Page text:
the NRC and US nuclear corporations.

In a line that must indubitably stoke the anger and sorrow of all those made
homeless, all those who have lost their livelihoods and all those tens of
thousands more who now are left to agonize over radioactive contamination
for themselves and their children for decades to come, the report states,
„The direct causes of the accident were all foreseeable prior to March 11,

In other words, contrary to all the talk about „an unforeseeable event“ from
governments around the world and nuclear apologists of the left and right,
the nuclear meltdowns, with all their untold and long-term consequences for
the physical and mental health of the people of the region, were entirely
preventable if the corporation which operated the plants, TEPCO, or the
government bodies charged with regulating the nuclear industry, NISA and
METI, had taken the appropriate safety precautions:

„The operator (TEPCO), the regulatory bodies (NISA and NSC) and the
government body promoting the nuclear power industry (METI), all failed to
correctly develop the most basic safety requirements-such as assessing the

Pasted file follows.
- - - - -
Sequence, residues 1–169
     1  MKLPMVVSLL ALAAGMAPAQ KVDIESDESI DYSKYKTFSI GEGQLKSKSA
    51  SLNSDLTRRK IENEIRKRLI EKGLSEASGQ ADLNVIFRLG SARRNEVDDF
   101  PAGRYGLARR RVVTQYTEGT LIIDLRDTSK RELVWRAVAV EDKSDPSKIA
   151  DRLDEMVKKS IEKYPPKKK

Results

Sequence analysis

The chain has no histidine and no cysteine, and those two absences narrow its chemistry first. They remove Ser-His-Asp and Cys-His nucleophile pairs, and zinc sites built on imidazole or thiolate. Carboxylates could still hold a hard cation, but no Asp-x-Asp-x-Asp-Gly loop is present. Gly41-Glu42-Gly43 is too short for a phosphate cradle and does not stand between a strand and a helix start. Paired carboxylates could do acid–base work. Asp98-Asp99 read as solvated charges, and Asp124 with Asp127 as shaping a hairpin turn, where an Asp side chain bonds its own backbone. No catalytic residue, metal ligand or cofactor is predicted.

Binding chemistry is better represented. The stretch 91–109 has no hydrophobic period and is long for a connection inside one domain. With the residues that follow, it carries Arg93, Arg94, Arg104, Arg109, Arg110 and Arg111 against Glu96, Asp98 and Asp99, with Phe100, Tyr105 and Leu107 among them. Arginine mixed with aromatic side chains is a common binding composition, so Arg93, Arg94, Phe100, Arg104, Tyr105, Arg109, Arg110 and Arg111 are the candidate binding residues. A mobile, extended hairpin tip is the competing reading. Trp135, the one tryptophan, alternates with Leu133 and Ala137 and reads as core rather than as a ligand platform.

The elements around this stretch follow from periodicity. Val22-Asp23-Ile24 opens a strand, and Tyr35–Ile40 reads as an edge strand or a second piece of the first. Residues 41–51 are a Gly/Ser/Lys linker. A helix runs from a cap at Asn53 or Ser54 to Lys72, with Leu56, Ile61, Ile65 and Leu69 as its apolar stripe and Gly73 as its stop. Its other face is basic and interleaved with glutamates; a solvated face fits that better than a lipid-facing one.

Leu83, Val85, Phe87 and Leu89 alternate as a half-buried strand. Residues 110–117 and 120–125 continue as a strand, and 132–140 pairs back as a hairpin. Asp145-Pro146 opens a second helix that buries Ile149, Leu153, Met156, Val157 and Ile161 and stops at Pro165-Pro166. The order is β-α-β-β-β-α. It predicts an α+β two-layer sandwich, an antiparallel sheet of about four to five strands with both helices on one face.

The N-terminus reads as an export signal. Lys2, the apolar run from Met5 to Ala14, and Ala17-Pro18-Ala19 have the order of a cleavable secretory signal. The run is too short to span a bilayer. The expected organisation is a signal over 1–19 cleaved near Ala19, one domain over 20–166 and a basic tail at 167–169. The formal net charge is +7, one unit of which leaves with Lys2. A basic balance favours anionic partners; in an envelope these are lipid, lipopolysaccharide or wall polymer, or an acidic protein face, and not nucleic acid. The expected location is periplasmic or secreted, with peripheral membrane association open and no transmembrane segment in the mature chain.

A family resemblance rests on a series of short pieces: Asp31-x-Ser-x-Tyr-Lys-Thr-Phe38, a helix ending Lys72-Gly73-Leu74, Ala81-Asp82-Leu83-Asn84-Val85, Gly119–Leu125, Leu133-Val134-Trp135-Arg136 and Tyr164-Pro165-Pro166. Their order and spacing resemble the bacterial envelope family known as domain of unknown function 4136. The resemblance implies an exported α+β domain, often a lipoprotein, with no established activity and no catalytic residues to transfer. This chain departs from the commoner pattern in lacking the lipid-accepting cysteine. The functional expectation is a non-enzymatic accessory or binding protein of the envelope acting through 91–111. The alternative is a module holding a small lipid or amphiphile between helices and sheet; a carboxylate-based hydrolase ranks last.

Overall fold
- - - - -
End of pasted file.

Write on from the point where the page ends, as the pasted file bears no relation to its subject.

probability of damage, preparing for containing collateral damage from such
a disaster, and developing evacuation plans for the public in the case of a
serious radiation release.“

The report notes that these organizations had known of the inability of the
reactors to withstand such an earthquake and tsunami since 2006. It
recommends across the board, substantive reforms to all aspects of nuclear
regulation, the operation of the plants, the legal framework within which
they operate and the emergency response, evacuation and disaster
preparedness plans, all of which were found wanting.

It warns that these must not be cosmetic name changes or simply shifts of
personnel but a root and branch reordering of priorities and fundamental
reforms as government regulators and the corporation as organizations all